While the number of people diagnosed with colon cancer each year has dropped overall over the past 30 years, largely because of screening, an increasing number of younger adults are developing the disease. The U.S. Preventative Task Force recently lowered the recommended age that screening should begin to age 45. It had previously been age 50.
Although people of all races can develop colorectal cancer at a young age, the spike has mostly been seen among Alaska Natives, American Indians and Whites, according to the NIH. However, Blacks are still more likely to get colorectal cancer at a young age than Whites, even though the gap is shrinking.
Experts don’t yet fully understand what’s causing the jump in colorectal cancer among young adults. But they do know some factors that raise the risk of colorectal cancer in older adults, including obesity, physical inactivity, and smoking.
In most cases, colorectal cancer does not have any symptoms and that is why detection through screening colonoscopy is so important. Screening can identify polyps or extra tissue growing in the colon, so they can be removed before they turn cancerous. As a tumor grows, however, it may bleed or cause a block in the intestine.
The most common symptoms are rectal bleeding, blood in the stool, or dark or black stools.
If cancer is detected, surgery is almost always necessary to remove cancerous tissue.
Surgery to Treat Colorectal Conditions
In cases where non-surgical treatment for bowel disease is ineffective or not an option, surgery may be necessary. This may entail the removal of part of or the entire colon, a procedure called a colectomy.
With a colectomy, the surgeon removes the diseased part of the bowel and reattaches the healthy ends. In cases where the remaining intestine is not healthy enough to reconnect, a colostomy may be needed.
A colostomy is a procedure in which the intestine is routed through an opening in the abdominal wall so it can drain into a bag attached to the abdomen.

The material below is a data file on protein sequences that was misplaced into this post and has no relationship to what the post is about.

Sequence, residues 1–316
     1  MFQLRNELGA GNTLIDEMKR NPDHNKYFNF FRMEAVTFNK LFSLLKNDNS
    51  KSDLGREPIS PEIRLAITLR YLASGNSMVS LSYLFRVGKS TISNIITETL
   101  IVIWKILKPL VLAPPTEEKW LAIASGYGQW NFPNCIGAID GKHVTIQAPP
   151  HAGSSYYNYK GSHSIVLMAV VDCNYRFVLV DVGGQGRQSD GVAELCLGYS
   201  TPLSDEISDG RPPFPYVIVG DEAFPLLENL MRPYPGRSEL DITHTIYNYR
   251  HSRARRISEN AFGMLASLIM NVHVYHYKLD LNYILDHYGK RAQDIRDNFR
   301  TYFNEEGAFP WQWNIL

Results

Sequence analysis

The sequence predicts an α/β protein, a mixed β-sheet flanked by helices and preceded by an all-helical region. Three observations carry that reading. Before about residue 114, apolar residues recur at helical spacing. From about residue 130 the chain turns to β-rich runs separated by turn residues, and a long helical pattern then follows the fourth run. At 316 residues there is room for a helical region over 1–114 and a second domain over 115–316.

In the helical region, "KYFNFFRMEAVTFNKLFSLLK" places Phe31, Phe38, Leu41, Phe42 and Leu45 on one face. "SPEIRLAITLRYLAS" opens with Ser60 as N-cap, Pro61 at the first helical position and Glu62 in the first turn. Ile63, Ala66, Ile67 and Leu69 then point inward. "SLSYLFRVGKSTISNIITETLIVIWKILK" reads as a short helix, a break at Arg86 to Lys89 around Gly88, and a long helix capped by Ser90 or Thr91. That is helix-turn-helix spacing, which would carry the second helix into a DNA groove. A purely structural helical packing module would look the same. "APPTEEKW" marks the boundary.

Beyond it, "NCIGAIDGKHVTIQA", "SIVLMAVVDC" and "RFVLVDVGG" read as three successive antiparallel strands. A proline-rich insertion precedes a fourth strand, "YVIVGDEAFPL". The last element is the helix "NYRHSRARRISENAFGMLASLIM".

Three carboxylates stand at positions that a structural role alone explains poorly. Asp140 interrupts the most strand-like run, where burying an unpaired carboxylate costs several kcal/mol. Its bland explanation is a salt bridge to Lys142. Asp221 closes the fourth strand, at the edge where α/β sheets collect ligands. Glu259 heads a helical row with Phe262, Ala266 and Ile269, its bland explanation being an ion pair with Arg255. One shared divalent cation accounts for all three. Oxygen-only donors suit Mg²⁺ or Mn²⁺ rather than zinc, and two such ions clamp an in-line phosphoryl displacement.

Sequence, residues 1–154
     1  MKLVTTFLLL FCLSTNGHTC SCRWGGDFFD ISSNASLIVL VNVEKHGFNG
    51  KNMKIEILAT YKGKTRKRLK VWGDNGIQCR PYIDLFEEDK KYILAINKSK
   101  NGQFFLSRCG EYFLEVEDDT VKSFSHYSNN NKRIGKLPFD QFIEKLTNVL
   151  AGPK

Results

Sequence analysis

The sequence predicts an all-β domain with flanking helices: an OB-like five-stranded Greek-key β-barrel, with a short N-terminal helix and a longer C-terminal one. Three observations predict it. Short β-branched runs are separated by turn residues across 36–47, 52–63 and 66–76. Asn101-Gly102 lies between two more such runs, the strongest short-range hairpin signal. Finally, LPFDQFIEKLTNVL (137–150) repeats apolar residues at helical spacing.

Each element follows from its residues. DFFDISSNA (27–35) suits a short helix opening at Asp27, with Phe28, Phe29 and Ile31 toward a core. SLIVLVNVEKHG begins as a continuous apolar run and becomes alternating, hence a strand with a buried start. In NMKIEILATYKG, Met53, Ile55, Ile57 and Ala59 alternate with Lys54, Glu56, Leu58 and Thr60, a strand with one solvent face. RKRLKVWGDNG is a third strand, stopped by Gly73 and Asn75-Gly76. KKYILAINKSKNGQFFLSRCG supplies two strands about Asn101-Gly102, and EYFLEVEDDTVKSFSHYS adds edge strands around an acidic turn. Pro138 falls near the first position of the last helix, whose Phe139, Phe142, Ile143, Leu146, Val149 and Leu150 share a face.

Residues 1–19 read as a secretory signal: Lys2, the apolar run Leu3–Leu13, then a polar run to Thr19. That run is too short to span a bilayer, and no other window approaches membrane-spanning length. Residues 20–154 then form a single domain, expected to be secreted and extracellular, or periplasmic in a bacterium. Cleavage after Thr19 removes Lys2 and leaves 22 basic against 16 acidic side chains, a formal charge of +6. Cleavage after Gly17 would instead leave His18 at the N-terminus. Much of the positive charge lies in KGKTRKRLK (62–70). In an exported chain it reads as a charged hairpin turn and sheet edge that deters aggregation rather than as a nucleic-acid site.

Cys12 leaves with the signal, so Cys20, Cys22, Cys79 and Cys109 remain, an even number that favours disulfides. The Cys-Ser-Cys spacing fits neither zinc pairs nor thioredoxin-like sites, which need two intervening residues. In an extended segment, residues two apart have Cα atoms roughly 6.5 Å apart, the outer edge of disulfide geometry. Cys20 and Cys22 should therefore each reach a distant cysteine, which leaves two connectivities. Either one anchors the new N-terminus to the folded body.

Most colostomies are temporary and only in place until the bowel heals enough to be reattached.
Colorectal surgery can often be performed laparoscopically through a few small incisions in the abdomen. Additionally, by using a robotic surgical system, surgeons are able to maneuver with enhanced precision and control. Colorectal surgery with a robotic system typically results in:
• Less blood loss
• Quicker return to bowel function
• Quicker return to regular diets
• Shorter hospital stay
• Faster recovery time
In instances where the surgery occurs closer to the rectum, surgeons at Penn Medicine Princeton Health are able to perform sphincter-preserving operations so the anal sphincter muscles continue to function normally after the procedure, potentially avoiding a permanent colostomy.
Life After Colorectal Surgery
For most people, surgery is a safe and effective treatment for colorectal conditions and can typically relieve the pain, bloating, and other uncomfortable symptoms associated with bowel disease.
The risks associated with colorectal surgery are similar to those associated with most surgical procedures and include infection and blood clots. Other risks include hernia, bowel obstruction, and leaking from the connection made between the two ends of the intestine, which studies show occurs in less than 5 percent of patients.
The majority of patients who undergo colorectal surgery make a full recovery and are typically able to enjoy the same activities they enjoyed prior to surgery. Depending on the type of procedure, it may be necessary to eat a liquid diet, refrain from certain physical activities, and possibly take some time off from work.
It’s important to discuss what to expect during recovery from colon surgery with the surgeon performing your procedure.
However, it is important to note that patients with chronic conditions such as cancer or inflammatory bowel disease, may need additional treatment.
If you have been diagnosed with a colorectal condition, talk with your doctor about the benefits of colorectal surgery and whether it is the right treatment approach for you.
To find a physician with Penn Medicine Princeton Health, call 888-742-7496 or visit www.princetonhcs.org
Liam R. Smith, MD, FACS, FASCRS is board certified in colorectal surgery and in general surgery. He is a member of the medical staff at Penn Medicine Princeton Health.